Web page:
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Cambridge Institute for Medical Research, University of Cambridge, Cambridge, CB2 0XY, UKSignalling Programme, Babraham Institute, Babraham Research Campus, Cambridge CB22 3AT, U.KCurrent address: MRC Laboratory of Molecular Biology, Cambridge CB2 0QH, U.K
The type IIB receptor protein tyrosine phosphatases (R2B RPTPs) are cell surface transmembrane proteins that engage in cell adhesion via their extracellular domains (ECDs) and cell signaling via their cytoplasmic phosphatase domains. The ECDs of R2B RPTPs form stable, homophilic, trans interactions between adjacent cell membranes. Previous work has demonstrated how one family member, PTPRM, forms head-to-tail homodimers. However, as the interface was composed of residues conserved across the family, the determinants of homophilic specificity remain unknown. Here, we have solved the X-ray crystal structure of the membrane-distal, N-terminal domains of PTPRK that form a head-to-tail dimer consistent with intermembrane adhesion. Comparison with the PTPRM structure demonstrates inter-domain conformational differences that may define homophilic specificity. Using small-angle X-ray scattering, we determined the solution structures of the full-length ECDs of PTPRM and PTPRK, identifying that both are rigid, extended molecules that differ in their overall long-range conformation. Furthermore, we identify one residue, W351, within the interaction interface that differs between PTPRM and PTPRK and show that mutation to glycine, the equivalent residue in PTPRM, abolishes PTPRK dimer formation in vitro. This comparison of two members of the receptor tyrosine phosphatase family suggests that homophilic specificity is driven by a combination of shape complementarity and specific but limited sequence differences.
). Cell surface adhesion molecules hetero- or homodimerize to connect cells and are linked to the cytoskeleton via intracellular adhesive plaques. These adhesion complexes are highly dynamic and regulated by post translational modifications, in particular tyrosine phosphorylation (
). The actions of protein tyrosine kinases and phosphatases determine phosphotyrosine levels, which can be coupled to cell surface receptor domains, enabling responses to external signals and subsequent regulation of cell adhesion proteins (
). The type IIB receptor protein tyrosine phosphatases (R2B RPTPs) combine extracellular adhesion domains with intracellular catalytic phosphatase domains and may act as cell contact sensors in phosphorylation-based signaling events. R2B RPTPs function at cell contact sites and signal through the recruitment and regulation of multiple adhesion plaque protein substrates (
The four human R2B RPTPs (PTPRK, PTPRM, PTPRT and PTPRU) are type one transmembrane proteins and share a common extracellular domain (ECD) architecture of one MAM (meprin/A5/μ), one immunoglobulin (Ig)-like and four fibronectin type-III (FN) domains, with the most membrane proximal FN domain undergoing furin cleavage in the secretory pathway (
). Structural and biophysical studies demonstrate that for PTPRM the minimal unit required for dimerization in solution consists of the N-terminal MAM, Ig and first FN domain (hereafter referred to as MIFN1) (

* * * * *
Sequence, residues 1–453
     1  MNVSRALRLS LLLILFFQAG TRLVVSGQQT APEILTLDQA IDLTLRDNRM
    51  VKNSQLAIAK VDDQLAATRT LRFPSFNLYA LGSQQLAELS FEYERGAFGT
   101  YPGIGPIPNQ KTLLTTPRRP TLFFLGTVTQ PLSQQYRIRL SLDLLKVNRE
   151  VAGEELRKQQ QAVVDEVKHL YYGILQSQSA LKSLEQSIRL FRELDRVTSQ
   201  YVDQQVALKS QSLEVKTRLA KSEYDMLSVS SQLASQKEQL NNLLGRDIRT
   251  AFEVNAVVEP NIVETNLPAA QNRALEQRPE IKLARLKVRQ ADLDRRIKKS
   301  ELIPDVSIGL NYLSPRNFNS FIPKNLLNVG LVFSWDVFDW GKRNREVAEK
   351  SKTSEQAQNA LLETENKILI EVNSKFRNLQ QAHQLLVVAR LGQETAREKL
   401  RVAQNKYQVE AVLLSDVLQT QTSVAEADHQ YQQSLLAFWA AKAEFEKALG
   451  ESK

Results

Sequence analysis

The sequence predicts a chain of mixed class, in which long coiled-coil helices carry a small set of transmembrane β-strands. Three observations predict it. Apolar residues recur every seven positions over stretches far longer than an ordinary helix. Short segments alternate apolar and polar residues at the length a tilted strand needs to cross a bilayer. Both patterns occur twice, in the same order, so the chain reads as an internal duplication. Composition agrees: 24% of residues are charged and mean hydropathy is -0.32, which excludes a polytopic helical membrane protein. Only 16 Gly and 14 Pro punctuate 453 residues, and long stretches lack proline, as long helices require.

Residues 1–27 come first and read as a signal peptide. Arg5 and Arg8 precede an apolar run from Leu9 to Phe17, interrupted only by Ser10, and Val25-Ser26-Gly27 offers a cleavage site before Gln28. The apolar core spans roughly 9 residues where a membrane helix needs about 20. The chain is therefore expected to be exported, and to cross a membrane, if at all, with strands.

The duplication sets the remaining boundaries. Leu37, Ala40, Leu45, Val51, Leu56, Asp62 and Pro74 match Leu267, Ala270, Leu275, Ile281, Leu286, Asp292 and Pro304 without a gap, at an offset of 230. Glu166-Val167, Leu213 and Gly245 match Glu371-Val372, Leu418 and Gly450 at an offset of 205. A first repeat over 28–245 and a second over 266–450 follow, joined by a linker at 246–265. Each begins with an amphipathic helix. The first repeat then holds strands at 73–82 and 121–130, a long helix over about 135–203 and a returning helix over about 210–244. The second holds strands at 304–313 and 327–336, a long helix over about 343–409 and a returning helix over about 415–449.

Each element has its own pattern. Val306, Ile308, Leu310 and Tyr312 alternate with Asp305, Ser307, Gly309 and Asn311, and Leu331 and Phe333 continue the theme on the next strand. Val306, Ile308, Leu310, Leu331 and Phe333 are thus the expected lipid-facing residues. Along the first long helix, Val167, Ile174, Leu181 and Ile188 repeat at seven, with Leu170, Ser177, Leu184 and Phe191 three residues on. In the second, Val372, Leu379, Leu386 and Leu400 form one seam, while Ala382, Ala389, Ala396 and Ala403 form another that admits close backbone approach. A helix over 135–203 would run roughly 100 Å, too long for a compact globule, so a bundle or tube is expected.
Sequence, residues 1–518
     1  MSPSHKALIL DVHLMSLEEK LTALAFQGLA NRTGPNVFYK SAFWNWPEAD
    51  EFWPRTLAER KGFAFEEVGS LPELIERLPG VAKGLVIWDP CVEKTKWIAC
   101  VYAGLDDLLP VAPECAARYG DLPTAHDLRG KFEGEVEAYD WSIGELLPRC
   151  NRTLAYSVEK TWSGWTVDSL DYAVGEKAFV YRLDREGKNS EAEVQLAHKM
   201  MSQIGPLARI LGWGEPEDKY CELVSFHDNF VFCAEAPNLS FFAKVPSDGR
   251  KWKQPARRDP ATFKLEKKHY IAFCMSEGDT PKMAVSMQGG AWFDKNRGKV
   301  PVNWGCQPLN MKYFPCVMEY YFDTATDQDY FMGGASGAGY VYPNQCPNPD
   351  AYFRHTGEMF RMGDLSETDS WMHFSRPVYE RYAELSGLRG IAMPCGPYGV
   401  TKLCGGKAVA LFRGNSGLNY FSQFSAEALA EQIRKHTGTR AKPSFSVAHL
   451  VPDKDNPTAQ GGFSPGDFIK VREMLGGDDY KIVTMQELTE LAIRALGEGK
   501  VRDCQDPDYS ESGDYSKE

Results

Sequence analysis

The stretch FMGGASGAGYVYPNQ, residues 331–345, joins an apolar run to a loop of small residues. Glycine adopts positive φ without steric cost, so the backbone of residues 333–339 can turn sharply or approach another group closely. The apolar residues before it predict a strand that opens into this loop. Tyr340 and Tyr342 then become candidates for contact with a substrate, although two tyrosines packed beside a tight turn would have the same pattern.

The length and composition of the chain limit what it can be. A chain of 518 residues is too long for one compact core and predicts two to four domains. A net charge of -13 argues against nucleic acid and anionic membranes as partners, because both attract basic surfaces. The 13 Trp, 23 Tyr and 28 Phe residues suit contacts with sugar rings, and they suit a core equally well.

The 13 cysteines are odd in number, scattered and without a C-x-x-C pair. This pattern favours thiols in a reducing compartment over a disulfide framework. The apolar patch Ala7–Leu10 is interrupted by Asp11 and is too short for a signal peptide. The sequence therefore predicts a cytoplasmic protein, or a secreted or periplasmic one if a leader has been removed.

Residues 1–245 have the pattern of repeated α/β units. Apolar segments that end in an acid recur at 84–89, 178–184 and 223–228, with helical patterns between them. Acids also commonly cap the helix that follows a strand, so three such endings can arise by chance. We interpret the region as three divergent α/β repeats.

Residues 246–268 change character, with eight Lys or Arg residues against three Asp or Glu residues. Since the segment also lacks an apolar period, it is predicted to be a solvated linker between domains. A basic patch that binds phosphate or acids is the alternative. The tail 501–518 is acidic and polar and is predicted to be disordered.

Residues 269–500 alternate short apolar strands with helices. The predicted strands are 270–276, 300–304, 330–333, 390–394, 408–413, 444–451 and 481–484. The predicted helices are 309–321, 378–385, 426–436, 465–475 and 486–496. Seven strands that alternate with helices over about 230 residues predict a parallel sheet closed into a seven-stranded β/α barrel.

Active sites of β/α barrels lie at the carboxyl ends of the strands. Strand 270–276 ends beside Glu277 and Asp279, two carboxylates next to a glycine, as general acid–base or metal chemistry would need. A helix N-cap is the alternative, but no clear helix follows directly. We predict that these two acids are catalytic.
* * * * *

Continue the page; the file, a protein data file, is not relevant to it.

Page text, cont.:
Importantly, although the PTPRM ECD structure shed light on the nature of dimer formation, it did not explain the homophilic binding specificity of R2B receptors. Residues that were identified in the interface and demonstrated as necessary for dimer formation (including Y297, R239, R240 and R409) are conserved across the family (
). We therefore set out to determine ECD structures of another family member, PTPRK, to allow a detailed comparison of these dimeric complexes and determine which properties are driving binding specificity.
To investigate dimerization of PTPRK in vitro, we expressed and purified both full-length PTPRK-ECD and a construct encoding only the N-terminal MAM-Ig-FN1 domains (PTPRK-MIFN1). One possibility for how homophilic interactions may be maintained is that each family member possesses a unique combination of predicted N-linked glycosylation sites (Fig. S1). Previous structural and functional studies with PTPRM used protein that had been deglycosylated or expressed in insect cell-based systems, resulting in non-native glycosylation (
). In order to test whether differential glycosylation may play a role in homophilic specificity we expressed PTPRK ECD constructs in the human HEK293-F cell line, with no subsequent deglycosylation, to maintain native glycans. To accurately determine the oligomeric state of these constructs and to test the pH sensitivity of dimerization, we performed size-exclusion chromatography coupled to multi-angle light scattering (SEC-MALS). Based on previous studies with PTPRM, we carried out SEC-MALS analysis at pH 8, where PTPRK would be expected to be dimeric, and pH 6 where monomers were anticipated. For each experiment, protein conjugate analysis was performed to calculate the proportional mass contribution of protein and glycan components. As expected, the full-length PTPRK-ECD was a pH sensitive homodimer, with total protein masses corresponding to dimer and monomer at pH 8 and pH 6, respectively (Fig. 1A and B). Similarly, the truncated N-terminal construct PTPRK-MIFN1 showed the same pattern of dimerization (Fig. 1B and C), confirming this fragment to be sufficient for formation of the pH sensitive homodimer.
The PTPRK-MIFN1 fragment was crystallized, the X-ray structure solved by molecular replacement using the corresponding fragment of the PTPRM-ECD (PDB ID: 2V5Y, (